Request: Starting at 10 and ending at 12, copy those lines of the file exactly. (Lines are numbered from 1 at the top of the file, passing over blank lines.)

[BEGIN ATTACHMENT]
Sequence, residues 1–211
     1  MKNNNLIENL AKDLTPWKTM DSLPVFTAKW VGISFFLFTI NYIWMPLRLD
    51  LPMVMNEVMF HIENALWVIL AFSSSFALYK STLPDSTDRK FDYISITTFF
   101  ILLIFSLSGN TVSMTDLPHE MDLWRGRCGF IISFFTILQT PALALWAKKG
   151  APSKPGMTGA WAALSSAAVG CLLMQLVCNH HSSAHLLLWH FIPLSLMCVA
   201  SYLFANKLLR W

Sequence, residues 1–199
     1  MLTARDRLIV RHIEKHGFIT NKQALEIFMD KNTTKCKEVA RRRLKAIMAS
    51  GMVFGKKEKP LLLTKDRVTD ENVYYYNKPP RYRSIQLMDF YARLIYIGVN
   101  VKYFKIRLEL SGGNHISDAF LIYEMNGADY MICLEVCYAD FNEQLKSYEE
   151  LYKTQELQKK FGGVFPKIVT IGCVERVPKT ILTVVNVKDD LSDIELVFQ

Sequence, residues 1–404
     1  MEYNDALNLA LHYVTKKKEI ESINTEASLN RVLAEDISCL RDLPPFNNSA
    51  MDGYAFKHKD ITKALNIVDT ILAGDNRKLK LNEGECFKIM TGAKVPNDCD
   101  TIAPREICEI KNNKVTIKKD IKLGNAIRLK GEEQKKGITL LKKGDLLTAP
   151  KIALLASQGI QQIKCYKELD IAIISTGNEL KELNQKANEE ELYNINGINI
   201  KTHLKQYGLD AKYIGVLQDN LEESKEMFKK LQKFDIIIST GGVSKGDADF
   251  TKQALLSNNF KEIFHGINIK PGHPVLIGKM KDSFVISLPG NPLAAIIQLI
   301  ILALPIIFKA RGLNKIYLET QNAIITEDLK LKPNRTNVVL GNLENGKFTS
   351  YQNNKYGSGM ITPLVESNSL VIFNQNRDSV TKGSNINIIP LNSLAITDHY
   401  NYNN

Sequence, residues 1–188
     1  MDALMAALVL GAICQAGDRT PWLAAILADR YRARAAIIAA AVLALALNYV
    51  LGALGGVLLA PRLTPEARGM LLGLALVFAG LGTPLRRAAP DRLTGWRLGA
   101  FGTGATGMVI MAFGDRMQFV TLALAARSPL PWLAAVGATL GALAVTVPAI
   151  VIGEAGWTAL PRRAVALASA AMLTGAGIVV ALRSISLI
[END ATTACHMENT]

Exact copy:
   101  VKYFKIRLEL SGGNHISDAF LIYEMNGADY MICLEVCYAD FNEQLKSYEE
   151  LYKTQELQKK FGGVFPKIVT IGCVERVPKT ILTVVNVKDD LSDIELVFQ

Sequence, residues 1–404